2. Avatar Mike

    The wonders of socialized broadband…

  3. Avatar Sheepdog

    Post widespread FTTP deployment and if Openreach can move an exchange completely to it, who would get the financial reward for selling all the old copper if they share costs for building FTTp infrastructure?

    • Avatar Joe

      The copper is ORs asset so they would logically defray the cost against their share of the joint investment. (Assuming its a join investment model not a build then cost recovery model)

    • Avatar TheFacts

      Fortunately no comments so far that the cost of the copper recovered would pay for the rollout of FTTP…

  4. Avatar Joe

    @Mark:

    “The trouble is that Ofcom may be part of the problem.”

    Understatement!

    Ofcom seem to be in a fight to the death with Ofgen to see which can make the most clumsy regularity interventions that damage their industries future proofing.

  5. Personally, what may be seen as a driver for more FTTP full-fibre coverage by Openreach would be neighbourhoods that have this standard of coverage provided by competing networks like the Hyperoptic, Gigaclear or other “altnets” that are running their own infrastructure.

    But what if Hyperoptic, Gigaclear & co start opening their networks up to other retail-level ISPs and IPTV providers, allow the mobile carriers to use them for backhaul from the mobile masts or allow the broadcasters to use these networks to serve their transmitters? It could be very interesting especially for Openreach as Britain sees better Internet-service competition.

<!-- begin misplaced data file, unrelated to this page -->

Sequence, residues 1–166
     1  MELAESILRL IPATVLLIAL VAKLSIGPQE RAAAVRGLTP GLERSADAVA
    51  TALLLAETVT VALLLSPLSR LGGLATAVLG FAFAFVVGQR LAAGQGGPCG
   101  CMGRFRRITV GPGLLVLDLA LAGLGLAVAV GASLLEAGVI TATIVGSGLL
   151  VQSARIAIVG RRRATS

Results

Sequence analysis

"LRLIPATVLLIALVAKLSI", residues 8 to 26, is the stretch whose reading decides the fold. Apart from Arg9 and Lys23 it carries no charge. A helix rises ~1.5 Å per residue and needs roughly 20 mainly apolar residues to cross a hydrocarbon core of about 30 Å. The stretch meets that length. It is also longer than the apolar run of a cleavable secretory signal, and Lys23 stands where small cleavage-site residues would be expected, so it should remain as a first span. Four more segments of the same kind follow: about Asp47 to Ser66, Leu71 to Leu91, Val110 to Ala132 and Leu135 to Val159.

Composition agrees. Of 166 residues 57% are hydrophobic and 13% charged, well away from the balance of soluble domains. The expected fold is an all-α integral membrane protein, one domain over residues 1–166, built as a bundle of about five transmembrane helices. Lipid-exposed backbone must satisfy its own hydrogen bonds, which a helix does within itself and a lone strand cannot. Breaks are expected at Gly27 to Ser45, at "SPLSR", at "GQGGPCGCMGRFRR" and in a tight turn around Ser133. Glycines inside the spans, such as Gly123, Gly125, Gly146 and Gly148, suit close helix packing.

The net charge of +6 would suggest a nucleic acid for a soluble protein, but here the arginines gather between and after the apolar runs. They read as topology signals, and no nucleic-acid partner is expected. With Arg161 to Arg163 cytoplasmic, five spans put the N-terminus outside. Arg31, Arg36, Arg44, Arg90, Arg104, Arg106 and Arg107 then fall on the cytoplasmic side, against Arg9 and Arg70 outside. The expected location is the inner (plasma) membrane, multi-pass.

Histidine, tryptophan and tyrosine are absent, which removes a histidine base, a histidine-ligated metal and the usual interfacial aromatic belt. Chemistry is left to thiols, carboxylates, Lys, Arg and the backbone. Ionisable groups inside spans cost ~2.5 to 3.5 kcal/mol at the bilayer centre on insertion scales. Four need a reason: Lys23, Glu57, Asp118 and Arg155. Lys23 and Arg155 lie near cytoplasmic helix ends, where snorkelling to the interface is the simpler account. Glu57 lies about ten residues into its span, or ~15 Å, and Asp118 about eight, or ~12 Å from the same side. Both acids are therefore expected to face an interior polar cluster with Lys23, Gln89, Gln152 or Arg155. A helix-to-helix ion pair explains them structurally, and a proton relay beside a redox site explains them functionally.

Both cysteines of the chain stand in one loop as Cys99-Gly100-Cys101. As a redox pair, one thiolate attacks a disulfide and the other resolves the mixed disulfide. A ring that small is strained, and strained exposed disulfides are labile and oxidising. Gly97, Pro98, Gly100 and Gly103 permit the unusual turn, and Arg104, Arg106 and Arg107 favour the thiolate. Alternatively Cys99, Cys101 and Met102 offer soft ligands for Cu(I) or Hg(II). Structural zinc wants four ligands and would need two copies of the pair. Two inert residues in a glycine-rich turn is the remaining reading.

• Avatar 125us

      I think the economics of the altnets only works because of vertical integration. If they wholesaled they’d go from making a revenue of £50 or so a month per connection down to about £10 and they’d have to reduce their £50 price because of the competition. I think the investors would object.

  6. Avatar Adam Jarvis

    Let’s hope this means no more handouts to BT for Copper-based Infrastructure, including potentially, Pointless G.fast. Enough is enough.

    Ofcom, there needs to be an announced cut-off date for ‘new’ legacy Copper carcass lines.

    Consumers are sick to death with lax regulation and being bamboozled with crappy “up to” Broadband speeds, that just don’t match the hype at peak times.

    Those with lines longer than 500m (250m as the crow flies) need to be the focus of all new infrastructure roll-out. Focus on those lines must now come first.

    A decent non-Adobe flash based BTWholesale Speedchecker that includes much better analysis of congestion problems within the backhaul/local exchange level needs to be addressed too. The absolutely useless BTWholesale Speedchecker is well f’past its sell-by date.